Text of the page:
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Xanthelasma and Xanthoma


Xanthoma is a condition in which fatty deposits form beneath the skin. They range from very small to up to 3 inches in size. Xanthomas can be cosmetically disfiguring. Xanthomas may appear anywhere on the body, but are most frequently found on the elbows, joints, tendons, knees, hands, feet, and buttocks.

Xanthelasma is a form of xanthoma that appears on the eyelids.


Xanthoma is typically caused by:

  • Elevated levels of fats in the blood
  • Metabolic disorders including:

Although xanthelasma may be associated with high triglyceride and cholesterol levels, it can occur without cholesterol problems.

Risk Factors

Xanthoma is more common in older adults. Factors that may increase your chance of xanthoma include:

  • Having a metabolic disorder listed above
  • Having extremely high cholesterol and/or triglyceride levels


Xanthoma may cause:

  • Bumps under the skin
  • Skin lesions that are:
    • Many different shapes
    • Yellow to orange
    • Have well-defined borders

Xanthomas may be tender, itchy, and painful.


Xanthoma is usually diagnosed by examining the skin growths. A biopsy of the tissue will confirm a fatty deposit.

Skin Biopsy
Skin proceedure
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A blood lipid profile and other tests may be done to determine the underlying condition responsible for the appearance of xanthomas.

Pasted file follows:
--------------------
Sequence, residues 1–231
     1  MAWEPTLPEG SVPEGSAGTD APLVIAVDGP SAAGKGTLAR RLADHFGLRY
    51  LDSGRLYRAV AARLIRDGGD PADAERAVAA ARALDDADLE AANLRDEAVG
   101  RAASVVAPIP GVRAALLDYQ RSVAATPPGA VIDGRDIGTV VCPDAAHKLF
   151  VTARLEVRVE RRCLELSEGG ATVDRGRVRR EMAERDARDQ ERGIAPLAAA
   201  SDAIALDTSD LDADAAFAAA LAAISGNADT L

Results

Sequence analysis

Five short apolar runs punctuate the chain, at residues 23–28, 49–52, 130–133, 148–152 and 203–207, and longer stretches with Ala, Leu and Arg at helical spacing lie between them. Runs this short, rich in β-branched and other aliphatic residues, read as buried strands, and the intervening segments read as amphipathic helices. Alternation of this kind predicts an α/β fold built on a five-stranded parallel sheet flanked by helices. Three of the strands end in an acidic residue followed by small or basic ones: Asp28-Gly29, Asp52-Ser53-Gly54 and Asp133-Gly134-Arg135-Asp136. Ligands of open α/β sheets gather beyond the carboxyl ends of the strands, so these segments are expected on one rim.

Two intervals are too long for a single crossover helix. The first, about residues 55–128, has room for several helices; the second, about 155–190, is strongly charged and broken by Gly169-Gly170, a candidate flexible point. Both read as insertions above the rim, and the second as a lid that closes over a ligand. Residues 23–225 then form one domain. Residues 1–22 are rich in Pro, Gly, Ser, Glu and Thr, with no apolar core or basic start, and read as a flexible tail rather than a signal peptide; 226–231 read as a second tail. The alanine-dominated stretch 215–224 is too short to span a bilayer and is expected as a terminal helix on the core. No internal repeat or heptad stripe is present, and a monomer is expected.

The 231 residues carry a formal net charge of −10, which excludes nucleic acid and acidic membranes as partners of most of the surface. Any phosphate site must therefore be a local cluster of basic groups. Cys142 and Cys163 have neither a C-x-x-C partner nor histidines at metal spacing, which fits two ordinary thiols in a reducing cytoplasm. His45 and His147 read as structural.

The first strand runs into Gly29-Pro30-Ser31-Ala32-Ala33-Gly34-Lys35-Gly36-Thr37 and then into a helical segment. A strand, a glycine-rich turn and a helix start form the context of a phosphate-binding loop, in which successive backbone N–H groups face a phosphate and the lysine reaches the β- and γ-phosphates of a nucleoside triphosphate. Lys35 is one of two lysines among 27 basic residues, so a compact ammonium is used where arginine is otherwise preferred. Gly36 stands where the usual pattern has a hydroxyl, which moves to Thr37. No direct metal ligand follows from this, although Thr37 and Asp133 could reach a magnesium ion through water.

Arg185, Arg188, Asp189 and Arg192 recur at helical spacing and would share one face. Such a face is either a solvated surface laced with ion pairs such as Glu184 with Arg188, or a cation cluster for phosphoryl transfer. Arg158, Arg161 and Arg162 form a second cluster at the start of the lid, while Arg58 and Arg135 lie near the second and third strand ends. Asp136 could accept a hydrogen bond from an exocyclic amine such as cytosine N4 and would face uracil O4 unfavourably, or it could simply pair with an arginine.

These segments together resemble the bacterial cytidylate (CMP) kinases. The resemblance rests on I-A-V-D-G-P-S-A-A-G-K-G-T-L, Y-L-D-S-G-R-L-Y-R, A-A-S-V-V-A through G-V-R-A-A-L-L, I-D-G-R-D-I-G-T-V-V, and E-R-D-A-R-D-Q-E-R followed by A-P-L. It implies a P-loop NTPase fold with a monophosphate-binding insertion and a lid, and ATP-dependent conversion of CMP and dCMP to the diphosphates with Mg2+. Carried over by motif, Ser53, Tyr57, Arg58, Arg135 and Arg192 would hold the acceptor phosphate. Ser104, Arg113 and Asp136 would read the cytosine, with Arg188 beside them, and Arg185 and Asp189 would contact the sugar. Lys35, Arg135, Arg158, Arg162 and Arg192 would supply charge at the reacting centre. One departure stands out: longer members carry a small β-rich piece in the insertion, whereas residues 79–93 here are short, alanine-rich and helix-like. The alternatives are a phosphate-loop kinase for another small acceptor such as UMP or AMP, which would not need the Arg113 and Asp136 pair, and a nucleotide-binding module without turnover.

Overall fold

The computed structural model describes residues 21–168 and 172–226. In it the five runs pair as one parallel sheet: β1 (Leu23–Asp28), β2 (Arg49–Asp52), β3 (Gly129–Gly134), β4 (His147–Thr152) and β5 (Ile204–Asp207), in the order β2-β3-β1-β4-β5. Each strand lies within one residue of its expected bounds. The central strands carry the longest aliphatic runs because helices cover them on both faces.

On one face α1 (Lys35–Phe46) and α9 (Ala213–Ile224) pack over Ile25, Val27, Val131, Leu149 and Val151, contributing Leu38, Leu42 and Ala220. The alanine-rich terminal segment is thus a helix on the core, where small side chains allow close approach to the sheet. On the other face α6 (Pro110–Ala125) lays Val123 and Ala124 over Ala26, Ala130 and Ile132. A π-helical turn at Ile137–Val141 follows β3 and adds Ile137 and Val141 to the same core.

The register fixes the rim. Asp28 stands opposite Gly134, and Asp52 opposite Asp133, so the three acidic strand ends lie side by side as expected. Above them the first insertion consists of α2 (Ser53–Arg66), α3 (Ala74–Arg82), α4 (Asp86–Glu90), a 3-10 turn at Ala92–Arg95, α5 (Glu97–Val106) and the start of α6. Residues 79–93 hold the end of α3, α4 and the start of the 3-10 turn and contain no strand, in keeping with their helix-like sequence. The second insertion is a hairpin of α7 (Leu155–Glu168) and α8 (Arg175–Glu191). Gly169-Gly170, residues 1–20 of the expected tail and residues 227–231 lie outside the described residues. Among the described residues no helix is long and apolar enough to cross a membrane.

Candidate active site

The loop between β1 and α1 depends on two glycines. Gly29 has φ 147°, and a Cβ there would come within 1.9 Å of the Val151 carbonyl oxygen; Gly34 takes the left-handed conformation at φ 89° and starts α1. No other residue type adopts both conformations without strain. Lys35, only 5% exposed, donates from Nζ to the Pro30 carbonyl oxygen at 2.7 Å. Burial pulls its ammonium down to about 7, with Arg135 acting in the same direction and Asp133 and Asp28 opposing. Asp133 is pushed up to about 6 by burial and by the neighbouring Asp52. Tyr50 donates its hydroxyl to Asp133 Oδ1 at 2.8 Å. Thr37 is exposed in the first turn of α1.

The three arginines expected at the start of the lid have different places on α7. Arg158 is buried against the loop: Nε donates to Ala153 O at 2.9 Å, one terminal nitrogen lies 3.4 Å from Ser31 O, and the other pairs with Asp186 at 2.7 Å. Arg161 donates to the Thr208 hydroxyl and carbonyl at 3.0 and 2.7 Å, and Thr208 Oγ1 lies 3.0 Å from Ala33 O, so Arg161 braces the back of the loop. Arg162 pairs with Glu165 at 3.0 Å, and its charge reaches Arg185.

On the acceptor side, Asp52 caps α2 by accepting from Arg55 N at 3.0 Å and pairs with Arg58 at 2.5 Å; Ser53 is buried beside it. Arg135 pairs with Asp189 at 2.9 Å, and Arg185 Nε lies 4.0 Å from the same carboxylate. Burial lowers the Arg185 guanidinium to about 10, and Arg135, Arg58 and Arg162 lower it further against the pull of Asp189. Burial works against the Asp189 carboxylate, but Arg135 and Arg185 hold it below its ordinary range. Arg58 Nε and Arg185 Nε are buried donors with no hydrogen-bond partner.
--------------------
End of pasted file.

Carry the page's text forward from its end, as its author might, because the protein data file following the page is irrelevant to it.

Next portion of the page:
Treating xanthoma consists of treating and controlling the underlying health conditions that cause the fatty deposits to develop. Better control of the metabolic disorders that can lead to xanthoma can reduce their occurrence.

Xanthomas that are removed can return after treatment.

Other treatment options for xanthomas include:


Surgery may be used to remove the fatty deposits.


Laser surgery with CO2 laser, pulse-dye laser, or Erbium-YAG laser can be done.


Treatment with trichloroacetic acid may also be used to treat xanthomas.


To help reduce your chances of xanthoma:

  • Keep blood lipids and cholesterol at a healthy level
  • Keep metabolic disorders well-controlled

Revision Information

  • American Academy of Dermatology

  • Family Doctor—American Academy of Family Physicians

  • Canadian Dermatology Association

  • HealthLinkBC

  • Feingold K, Castro G, et al. Cutaneous xanthoma in association with paraproteinemia in the absence of hyperlipidemia. J Clin Invest. 1989 Mar;83(3):796-802.

  • Xanthomas. DermNet NZ website. Available at: Updated November 8, 2014. Accessed June 4, 2015.

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